Kobe has few peers, except for Kevin Garnett, by being the only
          highly drafted high school kid in his year (am I forgetting
          someone?).

          But how does Rashard Lewis compare? Does he have a match who stayed
          in college at least a year or two?

          What about finding matches for these guys? Do people have old HS
          evaluations that we could use as a start for matching up appropriate
          guys?

          Tim Thomas? Jumaine Jones? Steve Francis with Larry Johnson? Dion
          Glover? Jonathan Bender? Ron Artest? Elton Brand? Glenn Robinson?
          Rodney Rogers?

          Dean Oliver
          Journal of Basketball Studies
        • Mike Goodman
          ... best ... simple age) ... What about championship minutes? What of that frozen moment when the shot has been released, the shot that will either secure
          Message 4 of 10 , Jul 24, 2001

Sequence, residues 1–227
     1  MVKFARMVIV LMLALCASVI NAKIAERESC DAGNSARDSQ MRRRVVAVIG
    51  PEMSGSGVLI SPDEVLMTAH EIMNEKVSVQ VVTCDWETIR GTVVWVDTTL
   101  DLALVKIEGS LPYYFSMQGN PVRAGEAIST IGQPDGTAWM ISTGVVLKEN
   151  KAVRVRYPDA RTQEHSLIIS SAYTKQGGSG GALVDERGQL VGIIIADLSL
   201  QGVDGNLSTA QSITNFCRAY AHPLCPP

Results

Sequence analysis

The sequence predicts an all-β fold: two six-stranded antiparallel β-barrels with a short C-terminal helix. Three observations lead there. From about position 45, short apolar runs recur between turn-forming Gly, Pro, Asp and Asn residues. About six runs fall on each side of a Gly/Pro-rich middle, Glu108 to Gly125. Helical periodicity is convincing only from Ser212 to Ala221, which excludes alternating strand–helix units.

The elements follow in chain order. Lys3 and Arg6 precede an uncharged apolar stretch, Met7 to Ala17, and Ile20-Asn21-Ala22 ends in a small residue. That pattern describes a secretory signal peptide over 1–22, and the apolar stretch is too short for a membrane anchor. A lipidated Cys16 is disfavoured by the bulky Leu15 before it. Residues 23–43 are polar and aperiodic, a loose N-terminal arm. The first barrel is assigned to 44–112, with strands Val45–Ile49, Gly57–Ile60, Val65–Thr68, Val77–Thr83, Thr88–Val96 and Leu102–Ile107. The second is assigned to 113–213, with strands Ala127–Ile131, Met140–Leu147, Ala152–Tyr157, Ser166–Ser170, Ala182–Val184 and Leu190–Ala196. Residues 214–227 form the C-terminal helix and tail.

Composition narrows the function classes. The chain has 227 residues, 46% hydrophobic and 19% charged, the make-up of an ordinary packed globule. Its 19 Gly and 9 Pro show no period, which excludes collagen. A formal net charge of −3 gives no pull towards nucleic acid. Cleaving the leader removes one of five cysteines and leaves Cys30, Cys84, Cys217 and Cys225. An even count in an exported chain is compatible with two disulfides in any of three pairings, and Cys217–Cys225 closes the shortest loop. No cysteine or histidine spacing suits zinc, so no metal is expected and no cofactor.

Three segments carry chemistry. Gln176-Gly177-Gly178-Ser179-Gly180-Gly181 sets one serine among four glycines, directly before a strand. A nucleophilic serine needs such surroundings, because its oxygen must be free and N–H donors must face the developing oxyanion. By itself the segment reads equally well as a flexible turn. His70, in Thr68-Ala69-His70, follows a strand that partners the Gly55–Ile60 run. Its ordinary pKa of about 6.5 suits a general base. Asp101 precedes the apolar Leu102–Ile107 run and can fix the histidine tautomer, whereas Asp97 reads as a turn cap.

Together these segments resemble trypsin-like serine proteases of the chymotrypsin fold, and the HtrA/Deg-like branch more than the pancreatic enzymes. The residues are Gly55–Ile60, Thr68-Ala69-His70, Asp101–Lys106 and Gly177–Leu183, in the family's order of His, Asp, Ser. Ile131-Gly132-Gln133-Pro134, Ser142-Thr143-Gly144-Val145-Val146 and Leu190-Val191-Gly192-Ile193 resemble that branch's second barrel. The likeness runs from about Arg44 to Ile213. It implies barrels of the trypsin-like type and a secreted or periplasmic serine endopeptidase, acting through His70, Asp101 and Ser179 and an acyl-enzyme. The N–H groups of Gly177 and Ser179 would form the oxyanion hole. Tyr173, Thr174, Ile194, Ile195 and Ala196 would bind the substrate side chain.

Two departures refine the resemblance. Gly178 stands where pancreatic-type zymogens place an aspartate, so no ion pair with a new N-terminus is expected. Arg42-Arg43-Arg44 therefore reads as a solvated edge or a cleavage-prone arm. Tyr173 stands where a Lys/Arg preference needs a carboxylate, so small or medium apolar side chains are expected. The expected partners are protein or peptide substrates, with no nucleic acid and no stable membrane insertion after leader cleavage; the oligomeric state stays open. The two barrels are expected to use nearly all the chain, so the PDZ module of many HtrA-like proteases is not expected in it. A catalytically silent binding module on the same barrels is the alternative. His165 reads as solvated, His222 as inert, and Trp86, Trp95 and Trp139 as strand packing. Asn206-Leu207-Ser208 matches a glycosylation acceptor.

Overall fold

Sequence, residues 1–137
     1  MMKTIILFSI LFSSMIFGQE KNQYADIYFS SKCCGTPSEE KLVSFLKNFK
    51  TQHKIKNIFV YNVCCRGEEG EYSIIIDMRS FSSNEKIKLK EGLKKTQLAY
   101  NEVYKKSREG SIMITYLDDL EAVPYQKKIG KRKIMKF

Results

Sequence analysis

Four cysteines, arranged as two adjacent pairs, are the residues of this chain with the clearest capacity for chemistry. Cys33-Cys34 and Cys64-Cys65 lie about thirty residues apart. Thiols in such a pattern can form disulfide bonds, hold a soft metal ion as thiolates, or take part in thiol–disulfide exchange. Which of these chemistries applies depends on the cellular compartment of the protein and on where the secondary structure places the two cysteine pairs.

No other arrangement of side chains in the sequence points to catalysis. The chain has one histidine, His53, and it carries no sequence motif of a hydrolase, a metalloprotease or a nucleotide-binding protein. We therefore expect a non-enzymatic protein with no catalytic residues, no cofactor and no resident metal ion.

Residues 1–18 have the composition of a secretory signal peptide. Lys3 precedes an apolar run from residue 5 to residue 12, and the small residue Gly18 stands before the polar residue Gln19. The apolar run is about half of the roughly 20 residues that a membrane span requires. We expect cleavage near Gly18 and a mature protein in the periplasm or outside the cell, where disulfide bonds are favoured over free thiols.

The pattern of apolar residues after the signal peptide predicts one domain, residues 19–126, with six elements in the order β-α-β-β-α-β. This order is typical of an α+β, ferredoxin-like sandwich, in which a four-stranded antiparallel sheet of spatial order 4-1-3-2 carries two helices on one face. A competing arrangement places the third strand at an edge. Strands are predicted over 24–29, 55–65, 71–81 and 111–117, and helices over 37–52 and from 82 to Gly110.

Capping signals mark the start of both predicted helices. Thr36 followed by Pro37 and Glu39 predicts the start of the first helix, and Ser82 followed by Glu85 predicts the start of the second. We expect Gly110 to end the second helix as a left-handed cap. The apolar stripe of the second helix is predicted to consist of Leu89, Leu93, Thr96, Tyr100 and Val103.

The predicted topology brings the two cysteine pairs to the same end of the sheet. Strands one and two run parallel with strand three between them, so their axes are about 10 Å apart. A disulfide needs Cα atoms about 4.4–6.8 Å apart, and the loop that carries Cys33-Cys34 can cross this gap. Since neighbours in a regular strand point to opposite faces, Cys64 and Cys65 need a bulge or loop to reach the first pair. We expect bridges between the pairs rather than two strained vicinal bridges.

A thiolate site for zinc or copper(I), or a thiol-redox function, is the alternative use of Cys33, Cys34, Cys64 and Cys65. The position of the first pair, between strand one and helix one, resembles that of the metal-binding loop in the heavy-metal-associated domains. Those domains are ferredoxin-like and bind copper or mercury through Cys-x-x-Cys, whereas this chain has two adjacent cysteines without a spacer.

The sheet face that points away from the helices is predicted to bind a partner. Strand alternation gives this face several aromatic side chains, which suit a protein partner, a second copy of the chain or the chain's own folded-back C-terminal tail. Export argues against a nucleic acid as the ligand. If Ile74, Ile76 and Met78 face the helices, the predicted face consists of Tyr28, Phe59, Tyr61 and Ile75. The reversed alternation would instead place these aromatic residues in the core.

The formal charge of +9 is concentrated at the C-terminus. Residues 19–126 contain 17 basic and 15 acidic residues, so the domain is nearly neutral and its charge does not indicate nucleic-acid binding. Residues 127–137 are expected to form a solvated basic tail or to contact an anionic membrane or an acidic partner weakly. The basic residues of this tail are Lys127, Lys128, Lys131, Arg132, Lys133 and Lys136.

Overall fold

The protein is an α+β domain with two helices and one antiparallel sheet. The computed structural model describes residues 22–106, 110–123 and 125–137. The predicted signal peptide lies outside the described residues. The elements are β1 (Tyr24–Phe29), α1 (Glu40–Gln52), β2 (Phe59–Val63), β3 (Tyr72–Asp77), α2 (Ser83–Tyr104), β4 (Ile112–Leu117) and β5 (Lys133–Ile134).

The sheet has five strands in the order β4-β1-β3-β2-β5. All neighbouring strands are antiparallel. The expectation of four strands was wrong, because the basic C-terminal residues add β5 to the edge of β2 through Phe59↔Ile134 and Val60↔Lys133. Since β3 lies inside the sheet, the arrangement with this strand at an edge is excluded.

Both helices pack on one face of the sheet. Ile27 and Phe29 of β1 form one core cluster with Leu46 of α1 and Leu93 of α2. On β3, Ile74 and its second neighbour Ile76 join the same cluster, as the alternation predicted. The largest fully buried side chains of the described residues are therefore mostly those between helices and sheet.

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            --- In APBR_analysis@y..., "Michael K. Tamada" <tamada@o...> wrote:
            >
            >
            ....people here have come up with several hypotheses for player
            > development:
            >
            > 1. simple age (a 24 year old will play better than an 18 year old)
            > 2. receiving training (including practice time, perhaps this is
            best
            > measured by practice minutes, or number of practices, or months of
            > practice -- though that'll be practically identical with using
            simple age)
            > 3. minutes (or games, or seasons) of actual playing time
            > 4. minutes (or games, or seasons) of non-garbage playing time
            >
            What about championship minutes? What of that frozen moment when
            the shot has been released, the shot that will either secure one's